Saṅkappa is an interesting word in Pāli. As part of the NEFP it comes after Right View, usually translation as “Right Intention”. In the suttas its usually synonymous with vitakka-vicāra, and I think “intention” is what is meant by vitakka-vicāra in the Jhānas (specifically the intentions of renunciation, loving-kindness and non-harming). I say intention, but perhaps “resolve” or “plan” is better a translation. Either way, I noticed that the Chāndogyopaniṣad also makes use of Saṅkappa in terms of “intention”. Whilst I realise that Sanskrit is not directly comparable with Pāli, I still thought it was interesting enough to share and perhaps it still can give the word some wider context
saṃkalpo vāva manaso bhūyānyadā vai saṃkalpayate’tha manasyatyatha vācamīrayati tāmu nāmnīrayati nāmni mantrā ekaṃ bhavanti mantreṣu karmāṇi || 7.4.1 ||
tāni ha vā etāni saṃkalpaikāyanāni saṃkalpātmakāni saṃkalpe pratiṣṭhitāni samakḷpatāṃ dyāvāpṛthivī samakalpetāṃ vāyuścākāśaṃ ca samakalpantāpaśca tejaśca teṣāṃ saṃ kḷptyai varṣaṃ saṃkalpate varṣasya saṃkḷptyā annaṃ saṃkalpate’nnasya saṃ kḷptyai prāṇāḥ saṃkalpante prāṇānāṃ saṃ kḷptyai mantrāḥ saṃkalpante mantrāṇāṃ saṃ kḷptyai karmāṇi saṃkalpante karmaṇāṃ saṃkḷptyai lokaḥ saṃkalpate lokasya saṃ kḷptyai sarvaṃ saṃkalpate sa eṣa saṃkalpaḥ saṃkalpamupāssveti || 7.4.2 ||
sa yaḥ saṃkalpaṃ brahmetyupāste saṃkḷptānvai sa lokāndhruvāndhruvaḥ pratiṣṭhitān pratiṣṭhito’vyathamānānavyathamāno’bhisidhyati yāvatsaṃkalpasya gataṃ tatrāsya yathākāmacāro bhavati yaḥ saṃkalpaṃ brahmetyupāste’sti bhagavaḥ saṃkalpādbhūya iti saṃkalpādvāva bhūyo’stīti tanme bhagavānbravītviti || 7.4.3 ||
"Intention, undoubtedly, is greater than the mind, for it is only after a man has formed an intention that he makes up his mind; after that, he vocalizes his speech—and he vocalizes it to articulate a name. The vedic formulas are contained in the name, and rites, in the vedic formulas.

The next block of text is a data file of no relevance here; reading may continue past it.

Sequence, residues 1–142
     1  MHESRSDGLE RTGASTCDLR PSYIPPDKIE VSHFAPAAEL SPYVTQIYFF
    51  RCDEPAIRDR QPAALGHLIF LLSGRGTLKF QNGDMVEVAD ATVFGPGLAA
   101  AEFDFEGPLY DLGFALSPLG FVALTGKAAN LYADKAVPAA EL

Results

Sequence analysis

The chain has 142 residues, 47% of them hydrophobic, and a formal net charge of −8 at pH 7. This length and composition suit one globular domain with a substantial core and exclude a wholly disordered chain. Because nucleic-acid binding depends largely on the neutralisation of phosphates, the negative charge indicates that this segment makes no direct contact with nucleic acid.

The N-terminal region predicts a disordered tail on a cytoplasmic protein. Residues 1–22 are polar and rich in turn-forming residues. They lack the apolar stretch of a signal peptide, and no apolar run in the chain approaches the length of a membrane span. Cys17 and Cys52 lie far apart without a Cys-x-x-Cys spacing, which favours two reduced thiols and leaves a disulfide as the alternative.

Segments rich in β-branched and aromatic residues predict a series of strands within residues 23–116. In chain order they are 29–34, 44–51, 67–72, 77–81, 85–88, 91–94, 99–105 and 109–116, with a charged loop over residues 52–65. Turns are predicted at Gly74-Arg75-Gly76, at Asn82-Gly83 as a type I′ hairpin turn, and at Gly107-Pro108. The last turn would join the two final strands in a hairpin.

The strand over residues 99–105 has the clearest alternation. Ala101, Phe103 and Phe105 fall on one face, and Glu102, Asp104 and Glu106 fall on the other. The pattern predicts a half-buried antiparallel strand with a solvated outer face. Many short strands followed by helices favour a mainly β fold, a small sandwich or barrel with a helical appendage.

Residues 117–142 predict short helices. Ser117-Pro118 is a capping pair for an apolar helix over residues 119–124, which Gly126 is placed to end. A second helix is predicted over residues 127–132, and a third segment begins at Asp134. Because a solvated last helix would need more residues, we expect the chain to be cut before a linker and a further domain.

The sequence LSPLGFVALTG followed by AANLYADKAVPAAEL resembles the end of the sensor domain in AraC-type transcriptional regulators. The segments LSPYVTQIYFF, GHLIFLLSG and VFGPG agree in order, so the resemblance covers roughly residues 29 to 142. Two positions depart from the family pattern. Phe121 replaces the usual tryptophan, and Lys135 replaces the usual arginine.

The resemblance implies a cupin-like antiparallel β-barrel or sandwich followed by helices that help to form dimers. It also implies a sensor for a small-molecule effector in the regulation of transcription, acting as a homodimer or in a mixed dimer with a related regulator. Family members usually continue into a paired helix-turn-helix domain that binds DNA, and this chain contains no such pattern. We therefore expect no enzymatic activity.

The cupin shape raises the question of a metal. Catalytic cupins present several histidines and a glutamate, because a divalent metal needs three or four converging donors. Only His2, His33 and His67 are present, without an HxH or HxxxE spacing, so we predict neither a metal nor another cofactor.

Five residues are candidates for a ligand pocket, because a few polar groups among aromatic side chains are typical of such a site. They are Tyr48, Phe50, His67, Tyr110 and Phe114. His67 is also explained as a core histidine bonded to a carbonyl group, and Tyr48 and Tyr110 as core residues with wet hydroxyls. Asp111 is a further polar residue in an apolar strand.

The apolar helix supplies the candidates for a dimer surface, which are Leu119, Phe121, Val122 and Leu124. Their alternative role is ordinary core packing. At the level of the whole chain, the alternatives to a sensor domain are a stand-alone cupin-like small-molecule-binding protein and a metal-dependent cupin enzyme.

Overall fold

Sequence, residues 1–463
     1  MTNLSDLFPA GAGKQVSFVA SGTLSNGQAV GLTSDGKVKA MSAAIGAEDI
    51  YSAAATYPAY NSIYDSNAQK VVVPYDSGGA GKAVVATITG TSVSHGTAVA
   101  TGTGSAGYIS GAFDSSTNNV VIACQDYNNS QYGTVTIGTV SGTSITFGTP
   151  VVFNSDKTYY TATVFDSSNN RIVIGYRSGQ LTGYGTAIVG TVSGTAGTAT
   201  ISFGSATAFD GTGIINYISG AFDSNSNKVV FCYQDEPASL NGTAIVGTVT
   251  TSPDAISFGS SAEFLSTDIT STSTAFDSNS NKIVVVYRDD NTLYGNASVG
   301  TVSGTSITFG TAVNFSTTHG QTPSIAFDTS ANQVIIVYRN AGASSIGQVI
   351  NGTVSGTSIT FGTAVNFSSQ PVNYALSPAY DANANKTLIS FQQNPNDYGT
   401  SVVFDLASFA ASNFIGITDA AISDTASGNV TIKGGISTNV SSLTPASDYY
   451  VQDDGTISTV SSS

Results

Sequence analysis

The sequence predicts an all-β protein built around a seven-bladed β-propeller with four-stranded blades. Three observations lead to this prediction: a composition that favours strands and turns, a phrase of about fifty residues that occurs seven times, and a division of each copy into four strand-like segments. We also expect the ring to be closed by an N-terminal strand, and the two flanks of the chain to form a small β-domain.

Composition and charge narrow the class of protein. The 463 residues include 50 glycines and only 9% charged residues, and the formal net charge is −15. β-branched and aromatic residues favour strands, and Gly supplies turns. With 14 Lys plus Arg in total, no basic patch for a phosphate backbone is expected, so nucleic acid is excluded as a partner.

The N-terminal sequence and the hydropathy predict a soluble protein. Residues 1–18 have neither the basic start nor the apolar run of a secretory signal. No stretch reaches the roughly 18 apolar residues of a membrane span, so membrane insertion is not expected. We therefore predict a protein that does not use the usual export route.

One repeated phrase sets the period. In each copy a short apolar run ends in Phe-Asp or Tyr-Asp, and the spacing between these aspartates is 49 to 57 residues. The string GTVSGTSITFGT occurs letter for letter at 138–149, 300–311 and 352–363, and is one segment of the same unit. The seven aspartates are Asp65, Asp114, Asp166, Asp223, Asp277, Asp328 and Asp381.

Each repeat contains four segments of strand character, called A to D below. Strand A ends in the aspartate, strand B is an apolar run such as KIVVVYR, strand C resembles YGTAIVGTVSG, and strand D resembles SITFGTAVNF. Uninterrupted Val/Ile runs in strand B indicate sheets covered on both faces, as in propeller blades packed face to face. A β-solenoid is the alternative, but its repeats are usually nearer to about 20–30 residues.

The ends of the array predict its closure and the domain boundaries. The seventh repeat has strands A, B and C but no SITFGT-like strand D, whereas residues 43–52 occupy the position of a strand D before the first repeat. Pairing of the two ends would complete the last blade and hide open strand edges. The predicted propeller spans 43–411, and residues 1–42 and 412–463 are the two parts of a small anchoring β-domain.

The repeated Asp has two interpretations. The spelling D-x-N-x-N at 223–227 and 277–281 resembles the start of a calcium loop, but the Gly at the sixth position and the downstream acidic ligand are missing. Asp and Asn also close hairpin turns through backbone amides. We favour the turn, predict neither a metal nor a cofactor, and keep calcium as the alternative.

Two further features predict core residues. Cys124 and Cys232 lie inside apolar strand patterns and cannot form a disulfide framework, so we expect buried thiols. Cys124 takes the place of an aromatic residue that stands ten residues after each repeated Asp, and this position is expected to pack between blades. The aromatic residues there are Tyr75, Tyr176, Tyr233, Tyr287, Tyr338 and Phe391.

"Now, intention (samkalpa) is the point of convergence of all these things; intention is their essence (atman); and on intention they are based. The earth and the sky were patterned through an intention; wind and space were patterned through an intention; water and fire were patterned through an intention. According to their intention (samklpti) was patterned (samkalpate) rain; according to the intention of rain was patterned food; according to the intention of food were patterned the vital breaths (prana); according to the intention of the vital breaths were patterned the vedic formulas; according to the intention of the vedic formulas were patterned rites; according to the intention of rites was patterned the world; and according to the intention of the world was patterned the Whole. All that is intention! So, venerate intention.
3"If someone venerates brahman as intention—well, himself remaining constant, firmly based, and steadfast, a man wins the worlds patterned after his intention, worlds that are constant, firmly based, and steadfast; and he obtains complete freedom of movement in every place reached by intention, if he venerates brahman as intention."
“Sir, is there anything greater than intention?”
“Yes, there is something greater than intention.”
“Sir, please tell me that.”
The Early Upanishads: Annotated Text and Translation
Also note that here Saṅkappa comes before speech. We see this again in the suttas, where vitakka-vicāra are also required for there to be speech. Here, it looks like the suttas once again have the Chāndogyopaniṣad in mind. Or, perhaps more likely, intention (saṅkappa, vitakka-vicāra) being the pre-requisite for speech was a common idea among the ascetic philosophers at the time.